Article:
It is paramount that a virtual team leader be aware of the intricacies associated with virtual teams and be cognizant of the fundamental needs and factors that assist in creating trust in these environments. A strong sense of communal trust enriches communication, which can lead to an effective virtual team culture, and can be integral in improving successful task performance. . . . Trust is palpable within a team when virtual team members communicate effectively and openly with each other and are accountable for their actions. (p. 76)
As in the research on virtual leadership in general, emotional intelligence on the part of the leader was also heavily underscored. Many of the participants in the Alward and Phelps (2019) study described emotional intelligence as the most important competency they had as virtual leaders. They noted that, “having strong emotional intelligence allowed them to self-reflect, to assist them in reading their employees from a distance, and also assisted them in navigating the nuances associated with leading virtual employees, particularly online faculty members” (Alward & Phelps, 2019, p. 83).
As I read and reflected upon the literature on virtual leadership, I was struck by the centrality of relationships; it wasn’t about productivity, benchmarks, or innovation. In the recommendations for virtual leadership in general, as well as in higher education specifically, the same words were repeated: trust, emotional intelligence, recognition, communication. It was about building connections with and among team members and fostering a sense of empowerment through communication and recognition in order to realize goals at the individual, departmental, and institutional levels.
As someone who subscribes to a servant leadership style, this resonated with me. Servant leadership, first described in its modern conception nearly half a century ago by Greenleaf (1977), is about people. It emphasizes the importance of relationships, trust, and a commitment to the development of others (Spears, 1996; Van Dierendonck, 2011), and has been shown to be highly effective in higher education (e.g., Elliott, 2012; Guillaume et al., 2013; Harris et al., 2016). Although definitions vary, the concept of servant leadership is often measured using the following six dimensions:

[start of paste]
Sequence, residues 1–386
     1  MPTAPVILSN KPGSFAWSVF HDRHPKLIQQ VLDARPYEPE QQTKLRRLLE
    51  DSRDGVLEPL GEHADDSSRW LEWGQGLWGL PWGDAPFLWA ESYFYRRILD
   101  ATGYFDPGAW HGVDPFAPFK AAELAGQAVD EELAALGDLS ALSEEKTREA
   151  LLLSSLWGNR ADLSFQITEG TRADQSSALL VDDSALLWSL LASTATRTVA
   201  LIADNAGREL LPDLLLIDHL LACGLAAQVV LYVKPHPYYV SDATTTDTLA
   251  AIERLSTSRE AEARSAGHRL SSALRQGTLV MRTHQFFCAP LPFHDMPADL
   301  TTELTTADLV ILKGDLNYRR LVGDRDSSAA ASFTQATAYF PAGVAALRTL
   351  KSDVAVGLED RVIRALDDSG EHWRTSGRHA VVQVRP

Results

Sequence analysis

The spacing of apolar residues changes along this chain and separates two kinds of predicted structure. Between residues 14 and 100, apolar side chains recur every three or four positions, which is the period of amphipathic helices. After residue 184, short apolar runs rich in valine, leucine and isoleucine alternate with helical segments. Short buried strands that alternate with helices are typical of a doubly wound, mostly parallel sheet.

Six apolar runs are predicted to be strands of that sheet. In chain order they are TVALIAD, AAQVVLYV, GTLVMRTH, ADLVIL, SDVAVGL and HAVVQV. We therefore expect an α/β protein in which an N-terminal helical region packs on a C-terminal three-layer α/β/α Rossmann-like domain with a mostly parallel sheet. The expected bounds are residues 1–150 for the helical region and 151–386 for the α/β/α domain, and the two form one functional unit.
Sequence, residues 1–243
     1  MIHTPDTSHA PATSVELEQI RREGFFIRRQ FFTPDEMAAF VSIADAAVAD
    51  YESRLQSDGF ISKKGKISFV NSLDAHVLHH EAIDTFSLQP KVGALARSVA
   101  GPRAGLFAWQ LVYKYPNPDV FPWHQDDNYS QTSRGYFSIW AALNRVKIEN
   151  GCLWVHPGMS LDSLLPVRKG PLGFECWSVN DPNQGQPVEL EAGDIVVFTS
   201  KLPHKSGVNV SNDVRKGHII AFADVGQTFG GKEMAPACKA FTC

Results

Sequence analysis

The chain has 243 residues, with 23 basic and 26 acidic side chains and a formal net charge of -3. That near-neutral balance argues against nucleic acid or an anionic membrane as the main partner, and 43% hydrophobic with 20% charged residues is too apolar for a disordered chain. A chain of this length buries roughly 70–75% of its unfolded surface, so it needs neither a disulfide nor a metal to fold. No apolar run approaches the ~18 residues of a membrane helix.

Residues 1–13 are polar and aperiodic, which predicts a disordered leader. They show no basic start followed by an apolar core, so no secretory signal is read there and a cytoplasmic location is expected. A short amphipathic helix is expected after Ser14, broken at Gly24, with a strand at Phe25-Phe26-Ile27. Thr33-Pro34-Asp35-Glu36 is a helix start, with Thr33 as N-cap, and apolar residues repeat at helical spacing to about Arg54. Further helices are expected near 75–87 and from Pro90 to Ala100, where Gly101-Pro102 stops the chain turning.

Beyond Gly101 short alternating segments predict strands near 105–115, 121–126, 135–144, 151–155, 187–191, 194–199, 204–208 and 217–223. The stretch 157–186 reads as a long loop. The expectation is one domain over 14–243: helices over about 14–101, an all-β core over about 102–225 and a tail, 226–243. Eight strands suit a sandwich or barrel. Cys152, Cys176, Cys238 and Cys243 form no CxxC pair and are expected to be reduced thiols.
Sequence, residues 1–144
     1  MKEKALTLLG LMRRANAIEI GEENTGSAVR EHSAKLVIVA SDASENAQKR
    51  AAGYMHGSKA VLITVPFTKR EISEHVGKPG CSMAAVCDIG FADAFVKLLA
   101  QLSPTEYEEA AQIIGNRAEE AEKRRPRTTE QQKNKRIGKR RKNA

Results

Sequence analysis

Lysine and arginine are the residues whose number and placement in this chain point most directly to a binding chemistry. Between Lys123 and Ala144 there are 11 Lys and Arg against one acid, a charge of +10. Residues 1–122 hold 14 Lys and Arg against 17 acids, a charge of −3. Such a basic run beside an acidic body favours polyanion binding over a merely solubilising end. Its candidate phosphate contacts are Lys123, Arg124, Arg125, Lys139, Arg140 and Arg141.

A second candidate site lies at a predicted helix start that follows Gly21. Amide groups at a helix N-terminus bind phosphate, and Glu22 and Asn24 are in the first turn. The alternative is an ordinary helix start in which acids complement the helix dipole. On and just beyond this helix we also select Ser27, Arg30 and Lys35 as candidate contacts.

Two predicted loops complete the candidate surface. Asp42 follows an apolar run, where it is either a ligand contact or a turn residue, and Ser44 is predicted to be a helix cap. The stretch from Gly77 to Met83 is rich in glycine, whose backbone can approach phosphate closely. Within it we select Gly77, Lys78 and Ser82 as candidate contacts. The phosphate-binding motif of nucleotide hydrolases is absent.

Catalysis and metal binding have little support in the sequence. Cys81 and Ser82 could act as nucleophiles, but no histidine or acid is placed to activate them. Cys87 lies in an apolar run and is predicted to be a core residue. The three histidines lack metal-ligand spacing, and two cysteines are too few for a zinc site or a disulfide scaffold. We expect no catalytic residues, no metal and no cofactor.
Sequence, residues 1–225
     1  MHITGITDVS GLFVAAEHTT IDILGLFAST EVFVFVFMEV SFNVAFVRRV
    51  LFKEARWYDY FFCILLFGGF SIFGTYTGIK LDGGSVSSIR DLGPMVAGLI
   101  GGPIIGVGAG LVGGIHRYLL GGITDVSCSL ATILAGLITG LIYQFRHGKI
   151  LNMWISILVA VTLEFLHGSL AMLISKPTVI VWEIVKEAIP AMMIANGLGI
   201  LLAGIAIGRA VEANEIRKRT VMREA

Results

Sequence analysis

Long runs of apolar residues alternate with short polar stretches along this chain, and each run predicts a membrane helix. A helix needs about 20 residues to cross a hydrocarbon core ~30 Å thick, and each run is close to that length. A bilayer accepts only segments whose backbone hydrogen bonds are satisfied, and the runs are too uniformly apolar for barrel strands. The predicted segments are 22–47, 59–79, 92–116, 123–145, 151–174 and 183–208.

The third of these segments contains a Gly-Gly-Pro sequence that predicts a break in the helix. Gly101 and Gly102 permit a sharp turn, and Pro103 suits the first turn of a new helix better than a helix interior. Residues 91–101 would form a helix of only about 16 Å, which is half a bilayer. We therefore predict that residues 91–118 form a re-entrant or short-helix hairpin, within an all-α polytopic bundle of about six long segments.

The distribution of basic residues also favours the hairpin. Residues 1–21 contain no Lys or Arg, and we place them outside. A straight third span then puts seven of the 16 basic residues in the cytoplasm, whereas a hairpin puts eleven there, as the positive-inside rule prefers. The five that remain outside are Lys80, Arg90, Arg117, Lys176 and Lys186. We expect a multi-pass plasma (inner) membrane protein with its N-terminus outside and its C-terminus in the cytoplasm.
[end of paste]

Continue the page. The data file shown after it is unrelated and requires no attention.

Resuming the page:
- The leader values people.
- The leader develops people.
- The leader focuses on building community.
- The leader provides leadership opportunities to others.
- The leader is authentic in relationships.
- Leadership is shared by the team.
What was so interesting to me was that the literature on virtual leadership that I had been reading had been inductive in nature; that is to say, in each case the researchers observed expert virtual leaders and drew principles of effective virtual leadership from these observations. What they ended up with was a close approximation to the principles of servant leadership. The main difference between servant leadership and the practices of effective virtual leaders was the additional layer of technology to provide a vehicle and structure for communication and processes. Effective virtual leadership in higher education is servant leadership in sheep’s clothing (the sheep being technology, of course). As I contemplated this, it made perfect sense: The more physically disconnected we are from our teams and our organizations, the more critical it is for a leader to build back those connections; to assure each team member that their work is visible and valued, and that their leader—and as a proxy, their organization—cares about their individual development and success. The other things—the projects, the strategic plans, the institutional objectives—will follow.
Reflections From My Couch
The knowledge that a servant leader approach can be effective in the virtual environment is reassuring. Over the past nine months, my team members have lost family, given birth, cared for parents, had their homes destroyed, homeschooled their children, adopted animals, and experienced loneliness. I have met their children, seen their messy kitchens, and shared off camera days, when they haven’t felt up to showing their faces. We have shared hundreds of virtual high fives with one another and have celebrated the small milestones, like the development of a new digital learning resource, as much as big ones, like hosting a massive online conference. When we meet—and we meet regularly—I ask them first, “How are you doing?” and second, “What can I do for you? How can I help?” Although this human-first approach might not reflect the urgency of today’s society, with its rapid transformation, information overflow, and constant technological disruption, I take comfort in knowing that this sort of individual empowerment and connection can make a meaningful difference. At the end of the day, my hope is that my team knows that I see, value, and care about each one of them. Throughout the pandemic, their dedication, perseverance, and willingness to go above and beyond suggests that they do.
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Dr. Heidi Marsh is Acting Director, Teaching and Learning, at Humber College Institute of Technology and Advanced Learning in Toronto, Ontario, Canada.
Opinions expressed in Leadership Abstracts are those of the author(s) and do not necessarily reflect those of the League for Innovation in the Community College.